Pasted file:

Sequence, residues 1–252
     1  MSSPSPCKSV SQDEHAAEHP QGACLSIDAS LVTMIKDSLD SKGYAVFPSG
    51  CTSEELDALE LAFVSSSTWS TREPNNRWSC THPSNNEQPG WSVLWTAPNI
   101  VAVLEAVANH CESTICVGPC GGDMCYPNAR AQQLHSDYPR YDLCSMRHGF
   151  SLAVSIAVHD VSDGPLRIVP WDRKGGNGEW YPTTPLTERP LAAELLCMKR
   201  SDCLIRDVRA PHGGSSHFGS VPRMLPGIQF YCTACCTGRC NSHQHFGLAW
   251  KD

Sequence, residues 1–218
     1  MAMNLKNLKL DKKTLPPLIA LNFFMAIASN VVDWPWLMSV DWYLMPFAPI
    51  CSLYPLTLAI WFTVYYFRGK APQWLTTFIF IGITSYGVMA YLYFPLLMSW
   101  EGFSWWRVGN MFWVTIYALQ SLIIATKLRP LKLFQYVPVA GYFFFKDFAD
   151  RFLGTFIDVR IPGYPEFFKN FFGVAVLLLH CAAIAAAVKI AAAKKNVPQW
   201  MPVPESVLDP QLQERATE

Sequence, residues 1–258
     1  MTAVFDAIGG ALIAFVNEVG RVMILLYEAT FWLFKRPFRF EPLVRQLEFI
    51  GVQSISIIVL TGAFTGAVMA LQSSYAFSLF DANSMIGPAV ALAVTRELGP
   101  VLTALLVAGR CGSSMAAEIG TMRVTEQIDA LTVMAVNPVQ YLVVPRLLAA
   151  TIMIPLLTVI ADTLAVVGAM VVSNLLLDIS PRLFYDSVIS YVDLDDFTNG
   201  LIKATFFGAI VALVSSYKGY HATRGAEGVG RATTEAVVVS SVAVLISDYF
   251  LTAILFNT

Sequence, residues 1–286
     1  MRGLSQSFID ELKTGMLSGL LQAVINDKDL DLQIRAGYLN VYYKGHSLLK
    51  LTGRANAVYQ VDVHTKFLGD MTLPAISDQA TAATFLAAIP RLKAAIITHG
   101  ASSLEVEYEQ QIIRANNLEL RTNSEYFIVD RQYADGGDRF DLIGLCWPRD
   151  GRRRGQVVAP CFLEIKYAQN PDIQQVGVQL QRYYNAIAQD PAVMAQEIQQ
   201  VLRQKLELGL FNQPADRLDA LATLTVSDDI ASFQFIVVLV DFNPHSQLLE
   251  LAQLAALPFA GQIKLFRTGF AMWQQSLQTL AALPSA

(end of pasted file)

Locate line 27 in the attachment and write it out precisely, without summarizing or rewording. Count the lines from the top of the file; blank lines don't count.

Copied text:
   251  LAQLAALPFA GQIKLFRTGF AMWQQSLQTL AALPSA